Electronic Materials

Our research, undertaken in close cooperation with our partner institute at RWTH Aachen University, focuses on the nanoelectronics of the future. To this end, we investigate electronic phenomena in oxides and electronically-active organic molecules.

Head: Prof. Dr. Rainer Waser

News and Events

Schichtweiser Aufbau eines Katalysatormaterials

Increasing the Activity of Catalysts

A layer as thin as a single atom makes a huge difference: On the surface of an electrode, it doubles the amount of water split in an electrolysis system without increasing the energy requirements. Thus, the ultrathin layer also doubles the amount of hydrogen produced without increasing costs. Researchers from Jülich, Aachen, Stanford, and Berkeley report on this in the latest edition of the journal Nature Materials.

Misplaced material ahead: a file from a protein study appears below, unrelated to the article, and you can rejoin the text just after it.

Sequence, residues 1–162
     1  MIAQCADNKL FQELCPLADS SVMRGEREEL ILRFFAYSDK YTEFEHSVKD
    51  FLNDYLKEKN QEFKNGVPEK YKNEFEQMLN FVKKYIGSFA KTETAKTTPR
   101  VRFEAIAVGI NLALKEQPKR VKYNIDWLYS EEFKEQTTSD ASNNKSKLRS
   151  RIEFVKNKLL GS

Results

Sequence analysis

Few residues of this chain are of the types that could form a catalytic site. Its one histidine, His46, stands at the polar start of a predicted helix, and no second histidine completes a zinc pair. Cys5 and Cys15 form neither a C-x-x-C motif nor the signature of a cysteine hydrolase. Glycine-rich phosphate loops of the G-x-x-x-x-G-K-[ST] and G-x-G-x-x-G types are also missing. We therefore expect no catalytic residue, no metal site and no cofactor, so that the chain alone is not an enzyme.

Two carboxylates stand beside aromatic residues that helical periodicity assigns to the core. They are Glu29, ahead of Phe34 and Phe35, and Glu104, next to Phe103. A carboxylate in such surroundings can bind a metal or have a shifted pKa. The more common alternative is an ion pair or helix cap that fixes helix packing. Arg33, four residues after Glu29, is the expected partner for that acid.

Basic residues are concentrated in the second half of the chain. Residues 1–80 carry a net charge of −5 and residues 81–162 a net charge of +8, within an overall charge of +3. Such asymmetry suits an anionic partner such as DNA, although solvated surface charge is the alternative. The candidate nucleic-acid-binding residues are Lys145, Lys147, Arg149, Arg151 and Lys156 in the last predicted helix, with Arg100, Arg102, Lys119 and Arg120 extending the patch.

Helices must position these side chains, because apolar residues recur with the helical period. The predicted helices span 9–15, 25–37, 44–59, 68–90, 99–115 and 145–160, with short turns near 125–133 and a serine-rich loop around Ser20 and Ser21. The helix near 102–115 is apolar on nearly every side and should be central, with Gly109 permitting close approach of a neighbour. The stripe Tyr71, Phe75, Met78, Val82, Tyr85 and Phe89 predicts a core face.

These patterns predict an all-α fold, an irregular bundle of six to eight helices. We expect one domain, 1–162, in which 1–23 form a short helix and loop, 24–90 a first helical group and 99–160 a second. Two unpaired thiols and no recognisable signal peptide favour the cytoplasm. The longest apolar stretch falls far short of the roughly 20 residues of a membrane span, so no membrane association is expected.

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PGI Colloquium: Prof. Dr. Tobias Kampfrath, FU Berlin & Fritz Haber Institute, Berlin, Germany

To take advantage of the electron spin in future electronics, spin angular momentum needs to be transported and detected. Electric fields and temperature gradients have been shown to efficiently drive spin transport at megahertz and gigahertz frequencies. However, to probe the initial elementary steps that lead to the formation of spin currents, we need to launch and measure transport on much faster, that is, on femtosecond time scales.

JARA_FIT

JARA FIT

New concepts in information technology.

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JARA HPC

Computer simulation with high-performance computers.

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EMRL

Electronic Materials Research Lab (EMRL) consits of IWE II at RWTH Aachen and IEM at Forschungszentrum Jülich.